Television and newspapers have been full of stories of terrorist attacks and aircraft hijackings recently – events that are both horrifying and tragic.
And it would be easy to assume that these have risen to the top of the list of the risks facing supply chains globally.
The BSI’s latest Global Supply Chain Intelligence report In Europe, shows that in 2015 disruptions in trade caused by the ISIS terrorist group clearly highlighted the link between terrorism and the supply chain. Border controls in France following the November attacks in Paris are estimated to have cost the Belgian shipping industry $3.5 million. Terrorist-linked smuggling rings were also identified to be colluding between Spain and the Middle East, the groups illegally transporting shipments of stolen electronics, drugs, weapons and other contraband.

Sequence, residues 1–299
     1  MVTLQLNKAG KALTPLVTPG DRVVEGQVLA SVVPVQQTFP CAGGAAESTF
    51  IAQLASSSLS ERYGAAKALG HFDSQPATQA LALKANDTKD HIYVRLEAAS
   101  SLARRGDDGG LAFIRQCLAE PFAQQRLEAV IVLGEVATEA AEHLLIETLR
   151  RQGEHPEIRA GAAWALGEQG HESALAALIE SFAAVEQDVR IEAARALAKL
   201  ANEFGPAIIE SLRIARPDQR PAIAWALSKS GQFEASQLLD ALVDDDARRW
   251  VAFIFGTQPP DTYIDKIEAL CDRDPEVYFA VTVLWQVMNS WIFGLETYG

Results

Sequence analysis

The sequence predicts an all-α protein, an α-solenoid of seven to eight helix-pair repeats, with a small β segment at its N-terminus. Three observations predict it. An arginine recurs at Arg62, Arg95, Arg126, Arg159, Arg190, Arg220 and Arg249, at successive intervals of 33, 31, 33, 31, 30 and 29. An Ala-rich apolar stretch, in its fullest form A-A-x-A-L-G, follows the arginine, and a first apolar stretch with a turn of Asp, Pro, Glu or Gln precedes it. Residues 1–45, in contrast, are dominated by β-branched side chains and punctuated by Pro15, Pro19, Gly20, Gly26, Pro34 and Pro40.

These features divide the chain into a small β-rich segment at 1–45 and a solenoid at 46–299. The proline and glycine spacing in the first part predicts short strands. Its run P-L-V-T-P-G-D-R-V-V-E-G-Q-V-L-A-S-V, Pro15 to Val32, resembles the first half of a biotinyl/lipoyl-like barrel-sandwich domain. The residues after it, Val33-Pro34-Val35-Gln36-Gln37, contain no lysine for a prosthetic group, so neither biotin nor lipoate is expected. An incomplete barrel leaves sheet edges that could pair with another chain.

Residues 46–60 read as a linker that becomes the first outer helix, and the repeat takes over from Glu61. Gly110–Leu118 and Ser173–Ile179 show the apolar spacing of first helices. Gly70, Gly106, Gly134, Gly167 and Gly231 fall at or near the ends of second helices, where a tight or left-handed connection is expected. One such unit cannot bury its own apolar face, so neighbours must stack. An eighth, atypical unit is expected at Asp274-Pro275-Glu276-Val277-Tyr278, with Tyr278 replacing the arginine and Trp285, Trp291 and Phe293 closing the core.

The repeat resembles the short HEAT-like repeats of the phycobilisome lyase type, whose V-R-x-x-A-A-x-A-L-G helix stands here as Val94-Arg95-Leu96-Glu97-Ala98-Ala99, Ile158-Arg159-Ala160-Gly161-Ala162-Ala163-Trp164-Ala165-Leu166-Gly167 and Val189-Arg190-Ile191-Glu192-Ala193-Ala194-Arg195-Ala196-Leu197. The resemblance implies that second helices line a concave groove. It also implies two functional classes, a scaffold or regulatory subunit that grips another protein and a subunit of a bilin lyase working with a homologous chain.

But that is not the full picture – the report also highlights the fact that cargo theft cost almost $23 billion in 2015 – and provides a number of examples. South Africa has seen a 30 per cent increase in cargo truck hijackings over the last year. Vehicle shipment thefts have become increasingly commonplace in China, with a recent series of in-transit vehicle thefts occurring along the G45 highway. In India criminal gangs masterminded new techniques to steal goods without breaking customs seals to avoid detection.
Natural disasters were also a major issue – last year the top five natural disasters caused some $33 billion of damage to business, the report says.
So what will be the biggest supply chain threats this year? Terrorism will continue to be a major issue, and the BSI suggests that global cargo theft will grow by a further $1 billion this year.
But the report also reveals the fact that numerous cases of child and forced labour were exposed in 2015, highlighting the need for visibility in supply chains to mitigate the risk of human rights abuses.
Overall, the picture is of a global environment in which the threats to supply chain operations are, if anything, increasing. Will companies respond by becoming more risk averse, and reducing their dependency on complex extended supply chains? I wouldn’t bet against it.
Click here to download the BSI report.